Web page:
Parkinson’s disease (PD) is caused by specific loss of dopaminergic neurons in the substantia nigra/midbrain and resulting lack of neuronal signals into the striatum which leads to motor and cognitive dysfunctions.
Neuronal in vitro disease models containing dopaminergic neurons allow the testing of PD drug candidates. One of these established in vitro models is based on MPP+, 1-methyl-4-phenylpyridinium, which is the metabolite of MPTP, 1-Methyl-4-phenyl-1,2,3,6-tetrahydropyridin, a neurotoxin which causes symptoms of Parkinson’s disease . MPP+ induces oxidative stress and neurotoxicity specifically affecting dopaminergic neurons. The NeuroProof platform is able to quantify functional effects before these neurotoxic, i.e. cytotoxic events are induced, which of course affect the neuronal network activity dramatically induced by loss of neurons.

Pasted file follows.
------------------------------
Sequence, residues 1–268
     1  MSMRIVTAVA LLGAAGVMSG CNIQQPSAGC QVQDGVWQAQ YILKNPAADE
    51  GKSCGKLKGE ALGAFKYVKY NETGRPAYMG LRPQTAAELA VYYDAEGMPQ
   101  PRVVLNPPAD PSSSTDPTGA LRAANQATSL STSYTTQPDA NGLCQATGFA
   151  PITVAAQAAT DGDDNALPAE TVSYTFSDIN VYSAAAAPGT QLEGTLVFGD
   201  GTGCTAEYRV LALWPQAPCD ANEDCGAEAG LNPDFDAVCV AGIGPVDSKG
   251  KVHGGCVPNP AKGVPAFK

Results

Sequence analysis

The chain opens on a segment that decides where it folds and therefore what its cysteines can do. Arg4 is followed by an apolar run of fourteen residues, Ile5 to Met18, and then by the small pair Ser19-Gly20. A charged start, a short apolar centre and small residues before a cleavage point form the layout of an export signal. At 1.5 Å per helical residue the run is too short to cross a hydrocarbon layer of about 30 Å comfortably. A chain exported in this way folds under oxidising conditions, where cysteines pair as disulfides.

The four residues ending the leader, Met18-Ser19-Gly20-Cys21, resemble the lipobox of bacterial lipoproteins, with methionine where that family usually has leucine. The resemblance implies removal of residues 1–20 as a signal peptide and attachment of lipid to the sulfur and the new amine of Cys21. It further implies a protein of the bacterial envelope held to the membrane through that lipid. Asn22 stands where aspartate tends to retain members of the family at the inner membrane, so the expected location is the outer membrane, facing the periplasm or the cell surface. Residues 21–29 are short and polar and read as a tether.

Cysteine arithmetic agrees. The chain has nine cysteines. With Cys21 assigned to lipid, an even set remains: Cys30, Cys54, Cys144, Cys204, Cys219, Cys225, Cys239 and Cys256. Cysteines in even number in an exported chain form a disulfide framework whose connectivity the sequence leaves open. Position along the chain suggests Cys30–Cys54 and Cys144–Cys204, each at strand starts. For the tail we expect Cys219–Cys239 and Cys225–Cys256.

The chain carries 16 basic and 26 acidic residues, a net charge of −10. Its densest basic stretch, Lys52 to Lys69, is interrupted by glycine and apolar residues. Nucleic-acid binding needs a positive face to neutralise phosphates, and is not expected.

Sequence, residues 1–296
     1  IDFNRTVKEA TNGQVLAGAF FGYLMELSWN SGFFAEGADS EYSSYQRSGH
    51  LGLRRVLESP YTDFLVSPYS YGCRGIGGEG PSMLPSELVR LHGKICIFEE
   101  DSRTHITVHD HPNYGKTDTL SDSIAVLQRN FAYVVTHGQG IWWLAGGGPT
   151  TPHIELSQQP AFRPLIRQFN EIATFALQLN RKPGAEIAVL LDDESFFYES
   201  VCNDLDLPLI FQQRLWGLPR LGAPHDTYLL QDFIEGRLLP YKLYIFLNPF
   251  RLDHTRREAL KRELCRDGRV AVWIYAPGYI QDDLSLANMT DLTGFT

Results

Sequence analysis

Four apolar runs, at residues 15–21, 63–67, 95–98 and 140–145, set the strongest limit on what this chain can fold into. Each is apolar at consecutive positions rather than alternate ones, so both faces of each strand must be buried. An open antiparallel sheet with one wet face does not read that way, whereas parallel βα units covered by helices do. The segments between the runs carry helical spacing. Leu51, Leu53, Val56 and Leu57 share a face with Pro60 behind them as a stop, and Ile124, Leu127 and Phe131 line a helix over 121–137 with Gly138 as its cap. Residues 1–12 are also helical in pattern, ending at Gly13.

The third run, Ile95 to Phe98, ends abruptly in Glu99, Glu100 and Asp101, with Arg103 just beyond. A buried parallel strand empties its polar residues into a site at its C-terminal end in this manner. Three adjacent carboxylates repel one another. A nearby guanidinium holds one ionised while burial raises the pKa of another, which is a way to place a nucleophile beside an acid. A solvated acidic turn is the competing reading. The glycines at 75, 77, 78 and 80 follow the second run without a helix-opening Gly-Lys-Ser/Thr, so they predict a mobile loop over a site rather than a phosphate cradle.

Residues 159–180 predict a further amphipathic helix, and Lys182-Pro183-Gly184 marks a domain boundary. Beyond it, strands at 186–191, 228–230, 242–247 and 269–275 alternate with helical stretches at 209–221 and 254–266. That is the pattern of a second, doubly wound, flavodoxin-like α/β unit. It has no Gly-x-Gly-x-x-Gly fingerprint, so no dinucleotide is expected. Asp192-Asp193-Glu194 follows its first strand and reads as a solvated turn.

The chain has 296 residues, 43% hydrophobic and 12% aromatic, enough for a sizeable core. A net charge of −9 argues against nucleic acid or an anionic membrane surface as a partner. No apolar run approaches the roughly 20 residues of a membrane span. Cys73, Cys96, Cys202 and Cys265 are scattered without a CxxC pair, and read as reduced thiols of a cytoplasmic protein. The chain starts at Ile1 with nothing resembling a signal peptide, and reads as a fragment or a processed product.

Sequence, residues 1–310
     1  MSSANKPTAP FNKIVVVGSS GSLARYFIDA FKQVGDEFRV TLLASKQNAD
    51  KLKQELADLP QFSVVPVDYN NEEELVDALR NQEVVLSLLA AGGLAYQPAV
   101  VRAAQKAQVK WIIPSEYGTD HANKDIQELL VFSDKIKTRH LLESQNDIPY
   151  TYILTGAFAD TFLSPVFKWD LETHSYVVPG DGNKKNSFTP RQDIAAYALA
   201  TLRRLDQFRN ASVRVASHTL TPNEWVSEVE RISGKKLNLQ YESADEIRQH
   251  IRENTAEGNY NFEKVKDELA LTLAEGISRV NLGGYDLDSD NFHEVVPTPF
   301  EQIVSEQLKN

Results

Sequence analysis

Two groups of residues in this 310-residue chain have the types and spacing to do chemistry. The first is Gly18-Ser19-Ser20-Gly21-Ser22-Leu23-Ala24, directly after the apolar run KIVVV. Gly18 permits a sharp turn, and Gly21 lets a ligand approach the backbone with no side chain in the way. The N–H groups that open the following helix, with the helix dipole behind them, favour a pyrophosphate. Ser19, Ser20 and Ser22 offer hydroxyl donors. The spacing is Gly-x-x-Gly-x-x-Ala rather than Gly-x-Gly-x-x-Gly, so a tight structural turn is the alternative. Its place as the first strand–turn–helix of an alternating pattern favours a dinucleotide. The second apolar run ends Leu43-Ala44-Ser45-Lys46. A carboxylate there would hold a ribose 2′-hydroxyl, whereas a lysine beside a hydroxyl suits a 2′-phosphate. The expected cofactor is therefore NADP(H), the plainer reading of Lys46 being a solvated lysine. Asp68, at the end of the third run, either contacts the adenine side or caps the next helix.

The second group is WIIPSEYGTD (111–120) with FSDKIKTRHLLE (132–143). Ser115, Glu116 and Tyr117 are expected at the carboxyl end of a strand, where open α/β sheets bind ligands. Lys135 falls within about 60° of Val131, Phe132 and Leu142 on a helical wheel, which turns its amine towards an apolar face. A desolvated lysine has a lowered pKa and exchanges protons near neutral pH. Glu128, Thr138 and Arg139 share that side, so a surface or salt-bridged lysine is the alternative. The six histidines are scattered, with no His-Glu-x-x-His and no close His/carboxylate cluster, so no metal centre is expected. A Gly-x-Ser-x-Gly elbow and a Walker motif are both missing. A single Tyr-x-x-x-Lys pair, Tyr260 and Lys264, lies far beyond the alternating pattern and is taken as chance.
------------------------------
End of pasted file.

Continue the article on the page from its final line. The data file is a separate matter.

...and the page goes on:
We investigate the functional effects induced by MPP+ at a concentration which affects neuronal activity, neurite and synapse morphology but not yet kills neurons. Thus, we focus on the early pathophysiological effects of PD and show that a pre-treatment with endogenous ligands such as GDNF is able to prevent the functional and morphological effects.
We offer this screening of neuro-protective compounds on both primary midbrain neurons and on human iPSC-derived dopaminergic neuronal networks functionally impaired by low-concentrated MPP+. See our ISSCR 2015 poster on phenotypic prevention of functional MPP+ effects by GDNF using human iPSC-derived neurons.